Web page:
Greetings! I am patiently (well, maybe not so patiently!) waiting for my bones and tissues to heal. It is exceedingly hard for an active and independent person like myself to be bound to rest and to the help of others, but I am so thankful that I have that help and a comfortable home in which to rest! My follow up visit is Tuesday and I’m hoping I can start PT.
Meanwhile, I have been hand quilting “Spirit of Japan#3 – Kuruma (the wheel)” and am about 98% done! What is this pile?:
This is the pile of basting threads which I pulled out of the quilt this AM!!! For those of us who hand quilt and baste (or have basted) our quilts with thread, this is a fun moment, at least it is for me. I just love getting my first look at a quilt in its “pristine” state, without all those threads criss-crossing and interfering with how the quilt should look. So here are some pictures of “Kuruma”, unbasted, with nearly all the hand quilting done, laid out on my living room floor with some sun coming in through the window allowing a good look at some of the hand stitching (click on pics for closeups):
I intend this quilt to be a lap quilt for my living room – the colors match very well the red, navy, and tan colors there. This also looks good with 3 sashiko pillows I made a few years ago:
I spent some time figuring out the colors for the next stars in my silk quilt. I did so by drawing a grid and filling in the colors I already have and then adding colors randomly but yet trying to make sure I don’t get 2 of the same colors next to each other. This should really help me when I am well enough to start cutting and sewing more stars:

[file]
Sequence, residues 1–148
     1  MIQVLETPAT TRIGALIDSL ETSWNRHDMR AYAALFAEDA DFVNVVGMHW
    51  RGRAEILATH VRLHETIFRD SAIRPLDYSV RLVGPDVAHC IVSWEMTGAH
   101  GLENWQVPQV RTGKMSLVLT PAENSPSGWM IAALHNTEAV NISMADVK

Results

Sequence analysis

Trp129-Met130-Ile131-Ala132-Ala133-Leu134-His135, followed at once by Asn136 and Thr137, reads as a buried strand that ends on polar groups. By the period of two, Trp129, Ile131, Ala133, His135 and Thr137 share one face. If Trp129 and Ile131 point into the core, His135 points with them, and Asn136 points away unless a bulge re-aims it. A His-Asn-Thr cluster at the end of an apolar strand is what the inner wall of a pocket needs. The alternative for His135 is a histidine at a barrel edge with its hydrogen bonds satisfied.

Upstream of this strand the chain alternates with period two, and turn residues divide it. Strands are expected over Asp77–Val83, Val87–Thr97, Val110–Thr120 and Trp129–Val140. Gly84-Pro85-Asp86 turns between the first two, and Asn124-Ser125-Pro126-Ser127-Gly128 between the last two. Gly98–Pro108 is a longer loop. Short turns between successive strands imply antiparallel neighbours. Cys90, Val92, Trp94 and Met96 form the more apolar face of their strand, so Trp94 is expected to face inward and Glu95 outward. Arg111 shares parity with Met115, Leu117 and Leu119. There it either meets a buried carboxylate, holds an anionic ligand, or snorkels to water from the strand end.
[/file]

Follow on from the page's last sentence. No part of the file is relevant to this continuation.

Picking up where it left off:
Here are pictures of the Thai silk fabrics I bought. I managed to find and buy them the night before my accident – so happy I found them, but I had been planning on trying to go back to get more and that obviously never happened. Take my word for it – these are gorgeous and my pictures don’t do them justice. I especially had trouble getting an accurate shot of the lemony yellow (which looks more like a washed out cream in my picture) and the spring green (which looks way too faded in the picture):
I’m really looking forward to incorporating these into my silk star quilt!!!
We spent a chunk of one day of the Thailand vacation visiting an elephant camp. It was a favorite activity of mine. Elephants are essentially the official “animal” of Thailand and are revered there. There are many elephant camps in the country where they are taken good care of and trained for rides and shows. Each is paired with a “mahoud” who trains and takes care of him/her for the entire lifetime of the animal or the mahoud; they develop a strong bond.
Here are my friend Van and I riding one with his mahoud doing the “driving”:
Here are several more pictures from the 45 minute ride on the elephants by the group:
While at the camp we had a chance to talk with one of the mahouds about his life with the elephants and ask all our questions. His elephant ate bamboo the entire time! During the ride and during this discussion we got to feed the elephants bananas and sugar cane which they took from our hands with their trunks and then put them into their mouths.
Some of the elephants have been trained to paint pictures!
While at the camp we had a delicious lunch. At many meals we noticed that food was wrapped in and sometimes cooked in and served in banana leaves – very sustainable! and attractive!
Notice that the “pointy” green structures in the above picture contain, when unwrapped, rice!
The food on the trip was wonderful and I will devote another section of another post to show pictures of food – unusual for me as I don’t normally take pictures of food!
Be kind, be grateful, and cherish each day, Gladi